Admittedly, this may be a bit of a projection given that Murray just finished his rookie season. Still, its unquestionable what he displayed in his first season with the Cardinals, proving Arizona correct for showing former QB Josh Rosen the door after one year. Speaking of Rosen, a comparison of just how poorly his lone season went in the dessert and how Murray’s debut went really illustrates what type of player the former #1 pick can become. He displays great touch on his passes, while also having elite athletic traits. When watching him this past season, I saw flashes of Russell Wilson in Kyler’s game, with his ability to scramble, making the defense uncomfortable while also having the awareness to avoid big hits. Given the small sample size he cannot be put any higher but from what I’ve seen he has clearly shown more special qualities than those in the below tiers. 

Ben Roethlisberger: Pittsburgh Steelers            

Hard to find a spot for Big Ben, who missed nearly all of last season with a torn ligament in his throwing elbow. Now 38 coming off a major injury, it is fair to wonder his place in the current NFL landscape. To his credit, the last time he was healthy he threw for over 5000 yards and 34 touchdowns in 2018. Putting him in the franchise guy tier made the most sense given his superb track record as the Steelers starter, but it is anyone’s guess how much the injury will hinder his throwing ability. 

Tier 3: Average but Consistent                               

This group of quarterbacks are guys you can win plenty of games with, but have displayed a clear ceiling throughout their career. Much of their success is dependent on having a great supporting roster to reach their highs, but due to the stability they bring to their teams they will rarely sink too low in any given year. While others in the “inconsistent” tier may actually have more natural talent, it is more important in the NFL today to have consistency at the quarterback position. 

Kirk Cousins: Minnesota Vikings                          

Cousins is one of the more scrutinized players in football and it is hard not too see why. By and large he has been a very productive passer throughout his time in Washington and Minnesota, and even has made the Pro-Bowl twice, including last season. Still, Kirk has built up a reputation as a player that simply has not played his best with the spotlight on, as evidenced by his 0-9 All-Time record as a starter on Monday Night Football. Cousins however is a guy that could potentially jump a tier with a strong performance in 2020 as he builds off a strong overall season this year where he led the Vikings to a playoff victory in the Wildcard Round. Still, today he ranks near the top of our third tier of quarterbacks.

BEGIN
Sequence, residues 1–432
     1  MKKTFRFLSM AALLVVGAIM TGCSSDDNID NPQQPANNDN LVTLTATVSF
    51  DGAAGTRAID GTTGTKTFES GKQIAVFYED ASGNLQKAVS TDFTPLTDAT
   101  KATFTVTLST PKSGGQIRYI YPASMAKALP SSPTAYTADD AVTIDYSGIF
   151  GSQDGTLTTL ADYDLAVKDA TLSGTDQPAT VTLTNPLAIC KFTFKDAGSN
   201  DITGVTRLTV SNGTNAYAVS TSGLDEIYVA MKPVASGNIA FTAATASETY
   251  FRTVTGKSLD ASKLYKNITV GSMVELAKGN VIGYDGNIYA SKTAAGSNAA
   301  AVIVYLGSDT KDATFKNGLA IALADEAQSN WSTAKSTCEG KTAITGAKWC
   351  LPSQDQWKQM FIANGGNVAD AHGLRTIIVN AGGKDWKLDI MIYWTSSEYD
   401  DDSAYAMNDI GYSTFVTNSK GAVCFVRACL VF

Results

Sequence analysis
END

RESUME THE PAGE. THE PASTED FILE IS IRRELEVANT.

Matthew Stafford: Detroit Lions                          

Stafford is the most talented of this tier in terms of physical ability. The former #1 pick all the way back in 2009 has been with Detroit for over ten seasons but has been haunted by many of the same ghosts as Cousins. Stafford has led the Lions to the playoffs on three occasions, but has been dealt an immediate exit each time. While he hasn’t always had the best supporting players, when you have the talent that the Lions QB has, you eventually expect some sort of breakthrough that simply just hasn’t occurred year after year. Stafford is undoubtedly a good starting NFL quarterback but rarely has he shown the consistency in big games to prove he is a great one. One concerning aspect going forward for Stafford is his health, with an ailing back injury casting a shadow over his recent seasons. 

Dak Prescott: Dallas Cowboys                                

Prescott is a hot topic of debate among NFL fans, and coming off his best statistical season only adds to the debate. How good is he? Well, in my view, a very high-floor, lower-ceiling NFL quarterback. Dak’s best ability is his availability, never missing a start since being drafted by Dallas. However, he never quite elevates the players around him to the extent that others in the above tiers do. Nothing about Prescott’s game stands out, though he does everything at a roughly average NFL level. One problem that some use against him is that he has a great supporting cast, including one of the best offensive lines in football. Inevitably, it is reasonable for the Cowboys to expect more from a talented roster and it really speaks volumes as to why the team has been reluctant to give Prescott the security of a long-term contract.